Men, including monks, are not always famous for “clutter-free” environments, but we try to do so here, with some areas in the Monastery better at this than others. For us, the corridors within the cloister, connecting our various buildings, are an opportunity to promote ordered spaces, which hopefully fosters peace, freedom of movement, even joy, as well as the possibility to focus on where one is going and not being distracted by “junk” along the way.

Especially as a community composed of young monks and elders, we need to be careful to avoid stumbling going from one space to another. Throughout the day we go to church, refectory, chapter room, mail room, laundry, etc., and the corridors are the conduits for doing so. Their ordered simplicity keeps us on the right path.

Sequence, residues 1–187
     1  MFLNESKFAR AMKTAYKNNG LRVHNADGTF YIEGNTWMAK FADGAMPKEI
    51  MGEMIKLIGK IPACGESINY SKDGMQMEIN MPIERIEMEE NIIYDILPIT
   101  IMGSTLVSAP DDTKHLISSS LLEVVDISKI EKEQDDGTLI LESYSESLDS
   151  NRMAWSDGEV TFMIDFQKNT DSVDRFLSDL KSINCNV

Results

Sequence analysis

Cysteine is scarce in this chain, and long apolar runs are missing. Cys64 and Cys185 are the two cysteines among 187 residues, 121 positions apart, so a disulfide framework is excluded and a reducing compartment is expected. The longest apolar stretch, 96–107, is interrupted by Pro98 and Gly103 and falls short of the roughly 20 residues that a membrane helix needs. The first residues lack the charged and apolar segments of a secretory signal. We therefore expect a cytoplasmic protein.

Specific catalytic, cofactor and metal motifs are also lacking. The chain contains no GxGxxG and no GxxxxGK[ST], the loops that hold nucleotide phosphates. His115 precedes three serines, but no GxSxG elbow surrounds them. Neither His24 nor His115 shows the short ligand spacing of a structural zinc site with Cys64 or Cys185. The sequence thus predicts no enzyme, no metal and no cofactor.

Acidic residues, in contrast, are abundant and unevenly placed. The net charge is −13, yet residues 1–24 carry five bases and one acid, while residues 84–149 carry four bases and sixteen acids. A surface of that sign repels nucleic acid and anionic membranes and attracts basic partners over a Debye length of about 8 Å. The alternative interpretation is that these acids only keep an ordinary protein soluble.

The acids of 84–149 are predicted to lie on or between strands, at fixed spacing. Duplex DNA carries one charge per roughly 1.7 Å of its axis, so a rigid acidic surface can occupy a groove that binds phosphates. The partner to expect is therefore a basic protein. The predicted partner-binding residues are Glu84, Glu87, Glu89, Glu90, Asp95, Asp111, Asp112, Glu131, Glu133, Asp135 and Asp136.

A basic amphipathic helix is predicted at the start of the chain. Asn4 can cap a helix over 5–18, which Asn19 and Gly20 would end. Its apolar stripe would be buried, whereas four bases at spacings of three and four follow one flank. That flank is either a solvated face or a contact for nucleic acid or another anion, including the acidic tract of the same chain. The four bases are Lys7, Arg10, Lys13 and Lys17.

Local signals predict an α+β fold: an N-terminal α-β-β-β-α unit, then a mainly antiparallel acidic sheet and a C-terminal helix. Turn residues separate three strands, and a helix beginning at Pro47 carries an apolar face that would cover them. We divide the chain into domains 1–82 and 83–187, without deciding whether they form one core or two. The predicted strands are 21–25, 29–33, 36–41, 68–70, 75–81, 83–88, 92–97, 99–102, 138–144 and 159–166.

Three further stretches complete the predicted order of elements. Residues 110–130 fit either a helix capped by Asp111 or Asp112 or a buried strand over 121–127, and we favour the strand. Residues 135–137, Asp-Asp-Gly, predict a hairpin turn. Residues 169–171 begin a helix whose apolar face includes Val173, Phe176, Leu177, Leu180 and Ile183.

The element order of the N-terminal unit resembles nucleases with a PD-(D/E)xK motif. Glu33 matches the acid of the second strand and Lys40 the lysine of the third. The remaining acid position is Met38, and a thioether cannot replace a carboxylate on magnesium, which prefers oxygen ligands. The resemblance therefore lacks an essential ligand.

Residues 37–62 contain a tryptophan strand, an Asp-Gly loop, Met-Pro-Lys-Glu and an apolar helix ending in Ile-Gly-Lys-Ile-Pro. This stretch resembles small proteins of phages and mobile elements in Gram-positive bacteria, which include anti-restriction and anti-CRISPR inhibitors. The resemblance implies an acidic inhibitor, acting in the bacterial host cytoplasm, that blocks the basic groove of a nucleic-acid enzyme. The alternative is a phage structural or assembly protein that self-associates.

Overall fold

Saint Benedict calls the Monastery a “House of God” (Domus Dei in Latin). Keeping that concept in mind should inform how we treat what we have.

We in the Northern Hemisphere are hopefully not too far from the arrival of Spring, a traditional time of “cleaning,” and an opportunity to think about what we might not need and pass on to others what could be useful to them, and superfluous to us. Thrift stores, Goodwill and the like, are such places that might gladly receive our goods. As the old saying goes: “One man’s scrap is another man’s gold.”

With this comes our greetings and prayers. We are grateful for yours as well.

Abbot Christian Leisy and the monks